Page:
So, the method that I demonstrate is an easy fix to those not-so-perfect moments
simpler Soccer Ball Design
You can use the same techniques and templates to make a half-soccer ball instead!
I've seen lots of cute designs that feature just the top half of the soccer ball stacked (with supports beneath) on a sheet cake, round cake, or on a cake board surrounded by buttercream grass.
More Sports Cakes
We don't have many sports cakes tutorials on our site, but we do have a simple Golf Bag Cake Tutorial as well as a Football Stadium Tutorial! Make sure to check these out if you have any golf or football-loving friends and family! :0)
Enjoy the Video!
Thanks so much for stopping by. We'd love for you to let us know in the comments below if you give this cake a try!
Keep this tutorial in mind whether you are making a soccer ball cake, or just need a spherical shape for your next cake project.
Thanks so much!
Hi Melissa my ball cakes keep sagging on the bottom to the point it gets crushed quick I can put the top ball on and within 10 mins its deflated what can I do I've tried it several times
Hi Trina, I'm sorry for the delay! Are you using supports in the bottom of the cake to hold the weight of the top of the cake? Are you using a dense cake recipe? (Dense recipes will hold up a little better). Also, when the cakes settle into the deflated look, you can trim around the edges with a serrated knife to round things out. As you ganache your tier, you can also build out the frosting a bit where necessary! Let me know if you have any more questions!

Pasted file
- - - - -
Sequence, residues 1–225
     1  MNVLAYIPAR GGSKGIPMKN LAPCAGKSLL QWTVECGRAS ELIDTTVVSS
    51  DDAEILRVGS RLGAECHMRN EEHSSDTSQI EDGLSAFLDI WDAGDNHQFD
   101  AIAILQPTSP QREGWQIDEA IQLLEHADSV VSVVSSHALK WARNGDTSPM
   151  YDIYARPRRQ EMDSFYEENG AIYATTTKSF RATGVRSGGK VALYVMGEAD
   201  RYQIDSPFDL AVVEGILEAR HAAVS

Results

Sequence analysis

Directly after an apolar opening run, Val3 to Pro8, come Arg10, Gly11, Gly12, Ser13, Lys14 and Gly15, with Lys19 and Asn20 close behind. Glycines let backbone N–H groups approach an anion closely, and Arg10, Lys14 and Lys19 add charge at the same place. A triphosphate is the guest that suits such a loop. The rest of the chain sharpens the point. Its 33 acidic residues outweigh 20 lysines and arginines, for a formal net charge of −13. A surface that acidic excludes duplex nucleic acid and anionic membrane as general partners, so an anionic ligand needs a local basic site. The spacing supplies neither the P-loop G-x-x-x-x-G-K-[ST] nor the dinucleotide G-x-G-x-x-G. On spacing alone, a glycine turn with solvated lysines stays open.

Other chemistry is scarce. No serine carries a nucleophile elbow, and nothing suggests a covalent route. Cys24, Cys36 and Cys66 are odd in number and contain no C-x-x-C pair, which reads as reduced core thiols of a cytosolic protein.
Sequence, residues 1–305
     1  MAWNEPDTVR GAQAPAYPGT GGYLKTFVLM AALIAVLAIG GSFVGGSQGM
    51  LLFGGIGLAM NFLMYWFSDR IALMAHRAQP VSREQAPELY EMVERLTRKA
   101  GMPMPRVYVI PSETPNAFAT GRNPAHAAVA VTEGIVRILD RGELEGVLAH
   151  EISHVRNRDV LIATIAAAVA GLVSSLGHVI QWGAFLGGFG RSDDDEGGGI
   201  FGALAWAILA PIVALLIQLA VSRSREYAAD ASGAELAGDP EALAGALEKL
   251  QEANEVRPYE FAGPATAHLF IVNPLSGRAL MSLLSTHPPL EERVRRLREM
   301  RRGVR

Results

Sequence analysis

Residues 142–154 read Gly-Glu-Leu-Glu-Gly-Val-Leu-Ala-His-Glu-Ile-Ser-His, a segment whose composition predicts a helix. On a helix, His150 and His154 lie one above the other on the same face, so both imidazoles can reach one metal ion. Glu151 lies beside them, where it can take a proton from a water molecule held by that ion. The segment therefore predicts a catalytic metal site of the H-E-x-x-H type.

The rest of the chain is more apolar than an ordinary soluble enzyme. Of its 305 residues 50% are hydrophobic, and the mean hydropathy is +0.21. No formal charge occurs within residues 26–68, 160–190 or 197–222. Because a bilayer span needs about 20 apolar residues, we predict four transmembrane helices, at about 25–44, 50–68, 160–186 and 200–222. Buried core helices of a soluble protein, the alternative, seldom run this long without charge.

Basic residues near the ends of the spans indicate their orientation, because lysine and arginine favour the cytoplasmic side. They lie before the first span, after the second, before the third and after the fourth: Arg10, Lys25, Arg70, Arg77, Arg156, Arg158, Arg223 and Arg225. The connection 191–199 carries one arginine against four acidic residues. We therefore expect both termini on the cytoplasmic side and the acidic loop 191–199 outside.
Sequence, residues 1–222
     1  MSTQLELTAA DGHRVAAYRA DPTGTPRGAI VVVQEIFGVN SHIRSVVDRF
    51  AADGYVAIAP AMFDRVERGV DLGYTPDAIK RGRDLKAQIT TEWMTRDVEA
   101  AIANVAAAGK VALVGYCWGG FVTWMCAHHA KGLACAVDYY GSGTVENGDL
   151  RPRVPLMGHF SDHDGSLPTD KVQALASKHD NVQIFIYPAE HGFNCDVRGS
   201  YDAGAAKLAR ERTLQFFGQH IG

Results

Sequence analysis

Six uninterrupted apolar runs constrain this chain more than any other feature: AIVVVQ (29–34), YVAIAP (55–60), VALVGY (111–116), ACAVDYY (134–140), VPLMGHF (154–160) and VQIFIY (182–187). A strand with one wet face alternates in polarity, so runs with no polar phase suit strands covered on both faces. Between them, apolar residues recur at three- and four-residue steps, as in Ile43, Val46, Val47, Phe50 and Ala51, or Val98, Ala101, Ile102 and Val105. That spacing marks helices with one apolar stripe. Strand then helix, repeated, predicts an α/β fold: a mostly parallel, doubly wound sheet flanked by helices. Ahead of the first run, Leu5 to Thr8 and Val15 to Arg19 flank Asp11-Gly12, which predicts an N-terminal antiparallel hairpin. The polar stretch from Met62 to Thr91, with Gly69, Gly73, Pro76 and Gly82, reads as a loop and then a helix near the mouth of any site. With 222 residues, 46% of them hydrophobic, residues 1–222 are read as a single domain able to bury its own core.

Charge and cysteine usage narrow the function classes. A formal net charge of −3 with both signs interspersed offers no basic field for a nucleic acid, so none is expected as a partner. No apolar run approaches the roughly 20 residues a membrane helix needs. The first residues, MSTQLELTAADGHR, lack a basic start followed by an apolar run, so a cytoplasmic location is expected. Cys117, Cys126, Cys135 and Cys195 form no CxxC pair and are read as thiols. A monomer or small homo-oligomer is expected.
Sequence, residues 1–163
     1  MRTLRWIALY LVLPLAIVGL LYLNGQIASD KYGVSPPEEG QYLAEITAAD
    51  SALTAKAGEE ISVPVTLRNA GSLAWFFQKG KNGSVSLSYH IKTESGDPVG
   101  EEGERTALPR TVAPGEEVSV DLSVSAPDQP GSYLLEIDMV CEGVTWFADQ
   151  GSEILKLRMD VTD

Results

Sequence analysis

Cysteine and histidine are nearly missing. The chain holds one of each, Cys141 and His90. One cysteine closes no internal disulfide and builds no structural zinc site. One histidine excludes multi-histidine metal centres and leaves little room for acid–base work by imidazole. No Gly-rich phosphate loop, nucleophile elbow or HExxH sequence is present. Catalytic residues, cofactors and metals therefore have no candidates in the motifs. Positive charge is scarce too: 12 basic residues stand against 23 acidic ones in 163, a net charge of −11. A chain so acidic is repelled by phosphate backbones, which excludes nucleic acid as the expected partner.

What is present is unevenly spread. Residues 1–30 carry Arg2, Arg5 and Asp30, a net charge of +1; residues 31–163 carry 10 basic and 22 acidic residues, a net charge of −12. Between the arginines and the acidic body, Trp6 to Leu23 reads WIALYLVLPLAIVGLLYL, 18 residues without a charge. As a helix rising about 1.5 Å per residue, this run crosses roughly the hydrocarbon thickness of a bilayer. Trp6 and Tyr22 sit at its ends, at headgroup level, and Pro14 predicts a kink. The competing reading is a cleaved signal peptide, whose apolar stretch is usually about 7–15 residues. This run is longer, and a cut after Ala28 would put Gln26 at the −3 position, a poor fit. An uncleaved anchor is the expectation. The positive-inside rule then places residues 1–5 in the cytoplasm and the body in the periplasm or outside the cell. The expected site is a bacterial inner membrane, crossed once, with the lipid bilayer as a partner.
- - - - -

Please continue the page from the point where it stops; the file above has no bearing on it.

I am going to attempt to make a volleyball cake for a friend's birthday, but I plan on covering with buttercream, since I am more comfortable using it rather than fondant. I have 2 questions, do I need to let the cakes "settle" after filling and before icing? And also. Could I ganache the cake as if I were going to cover with fondant for the " insurance" of keeping the shape, and then apply buttercream? I have very little experience with anything more than basic cake decorating, and this makes me nervous! :)
Hi Brandi! Yes, I would let the filled layers settle before stacking & frosting just to be on the safe side. The fact that you are covering with ganache will minimize the chances of bulging but I still think it's a good idea. I have heard of people successfully ganaching and then frosting their cakes as you mentioned. I don't see a problem with this at all, although I haven't done it myself. It's funny, Mom and I were just talking about doing this on an upcoming cake and so I'll soon give this a whirl myself. I'm sure your cake will be great!
Love this video. Thanks so much! One question, how do you "level" the cake halves? They don't sit level being round??
Thanks Grammy Sue! I don't remember it being an issue with leveling the half ball cakes. I just try to keep the knife as level as possible as I turn the cake. Or if it's just a small dome in the middle, I just lop it off. You can always adjust as needed once it's time to piece the two halves together with more trimming or filling.
Also, I can't believe I made this video 7 years ago! Ack! :0) Time flies!